Cincinnati Reds – For the love of Fire Joe Morgan, stop batting Willy Taveras leadoff. Taveras played 82 games in the No. 1 spot this past season and posted a robust .275 on-base percentage in those contests. In a related note, learn that the most important thing you can do in baseball is not make outs.

Colorado Rockies – Start the season off hot this time, then suddenly collapse late, just to throw people off.

Florida Marlins – Make it to the World Series again so people will actually show up for the games.

Houston Astros – Keep signing mediocre 30-ish relievers to relatively lavish multi-year contracts. Great strategy.

Los Angeles Dodgers – Tell Frank and Jamie McCourt that if they don’t find a way to settle their divorce and ownership dispute quickly and in a way that is best for the team, Tommy Lasorda will sit on them until they do.

Milwaukee Brewers – Now that Brett Favre is persona non grata in Wisconsin, spice up the traditional Miller Park sausage races with an extra participant: someone dressed as Favre in a Vikings Jersey and Wranglers. This Favre imposter should obviously get out to the lead before being intercepted and stopped before the finish line.

New York Mets – Ensconce every player in bubble wrap to try to ward off the injuries that decimated the team in 2009.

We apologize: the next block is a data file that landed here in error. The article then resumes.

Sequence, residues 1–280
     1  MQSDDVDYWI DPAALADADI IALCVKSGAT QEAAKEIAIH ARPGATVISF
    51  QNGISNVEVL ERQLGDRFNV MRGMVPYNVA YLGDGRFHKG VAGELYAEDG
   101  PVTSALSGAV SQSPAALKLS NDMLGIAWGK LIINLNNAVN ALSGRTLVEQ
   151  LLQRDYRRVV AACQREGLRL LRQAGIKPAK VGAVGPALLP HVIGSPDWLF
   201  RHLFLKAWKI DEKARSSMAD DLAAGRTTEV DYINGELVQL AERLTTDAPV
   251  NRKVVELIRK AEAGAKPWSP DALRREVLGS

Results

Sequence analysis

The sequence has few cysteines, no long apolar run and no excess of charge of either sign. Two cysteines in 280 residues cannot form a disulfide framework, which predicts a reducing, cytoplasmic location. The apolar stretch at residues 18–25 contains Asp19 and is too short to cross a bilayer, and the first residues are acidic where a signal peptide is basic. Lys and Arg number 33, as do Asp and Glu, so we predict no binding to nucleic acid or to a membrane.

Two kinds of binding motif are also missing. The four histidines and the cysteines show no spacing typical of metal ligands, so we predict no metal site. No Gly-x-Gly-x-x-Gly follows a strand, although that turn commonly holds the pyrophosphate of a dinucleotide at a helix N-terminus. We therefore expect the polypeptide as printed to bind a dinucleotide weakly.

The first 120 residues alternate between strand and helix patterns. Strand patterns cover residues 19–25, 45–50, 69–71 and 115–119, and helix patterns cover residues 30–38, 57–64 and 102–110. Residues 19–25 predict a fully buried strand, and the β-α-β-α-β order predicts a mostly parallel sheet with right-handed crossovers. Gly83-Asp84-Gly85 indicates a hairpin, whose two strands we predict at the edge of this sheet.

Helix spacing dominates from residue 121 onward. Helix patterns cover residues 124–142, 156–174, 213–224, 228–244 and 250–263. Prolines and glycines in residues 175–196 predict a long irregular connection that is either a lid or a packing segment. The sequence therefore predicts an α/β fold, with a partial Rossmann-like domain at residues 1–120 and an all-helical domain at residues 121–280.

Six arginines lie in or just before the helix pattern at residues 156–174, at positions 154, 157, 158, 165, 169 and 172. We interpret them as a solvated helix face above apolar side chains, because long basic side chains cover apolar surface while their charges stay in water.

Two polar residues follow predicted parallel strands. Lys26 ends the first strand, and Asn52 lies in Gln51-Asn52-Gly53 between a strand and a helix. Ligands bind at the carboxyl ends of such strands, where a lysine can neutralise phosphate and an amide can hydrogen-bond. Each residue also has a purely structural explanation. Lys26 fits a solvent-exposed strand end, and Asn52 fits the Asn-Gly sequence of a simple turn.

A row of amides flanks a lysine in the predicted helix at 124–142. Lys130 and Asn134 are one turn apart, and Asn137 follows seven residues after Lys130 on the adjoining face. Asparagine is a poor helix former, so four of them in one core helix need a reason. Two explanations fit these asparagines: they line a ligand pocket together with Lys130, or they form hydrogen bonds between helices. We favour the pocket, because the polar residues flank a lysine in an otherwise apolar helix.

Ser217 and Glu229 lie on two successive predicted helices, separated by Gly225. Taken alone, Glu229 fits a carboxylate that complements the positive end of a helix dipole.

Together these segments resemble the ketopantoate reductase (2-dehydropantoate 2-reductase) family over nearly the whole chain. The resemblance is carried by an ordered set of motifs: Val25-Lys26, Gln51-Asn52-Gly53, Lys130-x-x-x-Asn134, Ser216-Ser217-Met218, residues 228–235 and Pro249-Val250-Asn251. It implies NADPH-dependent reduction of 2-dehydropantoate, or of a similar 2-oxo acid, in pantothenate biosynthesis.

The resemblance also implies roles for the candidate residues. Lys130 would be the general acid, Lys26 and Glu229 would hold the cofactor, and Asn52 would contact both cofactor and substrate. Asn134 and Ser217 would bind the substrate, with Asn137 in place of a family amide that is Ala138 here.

Philadelphia Phillies – Make Green Man the team’s new co-mascot. Check out the hilarity that would ensue (skip ahead to about the 0:50 mark).



Supplementary resolution for you, the reader: If you are not already doing so, start watching “It’s Always Sunny in Philadelphia.”

Pittsburgh Pirates – Stop delaying the inevitable and trade rising star Andrew McCutchen now, before fans grow attached to him. It’s the humane thing to do.

San Diego Padres – Instead of starting diminutive David Eckstein at shortstop, have him hide in the back pocket of 6-foot-6, 285-pound outfielder Kyle Blanks, only to leap out at crucial times and chase down fly balls in San Diego’s spacious outfield.

San Francisco Giants – Now that super utilityman Mark DeRosa has signed with the team, provide local media with info sheet highlighting how DeRosa is “gritty” and plays the game The Right Way in order to help facilitate fawning articles.

St. Louis Cardinals – Continue furious work on super-secret Albert Pujols cloning project.

Washington Nationals – Petition Commissioner Selig to allow Adam Dunn to use a jetpack in left field. This would increase Big Donkey’s range while also giving people a reason to watch the team play.

Tomorrow: the American League!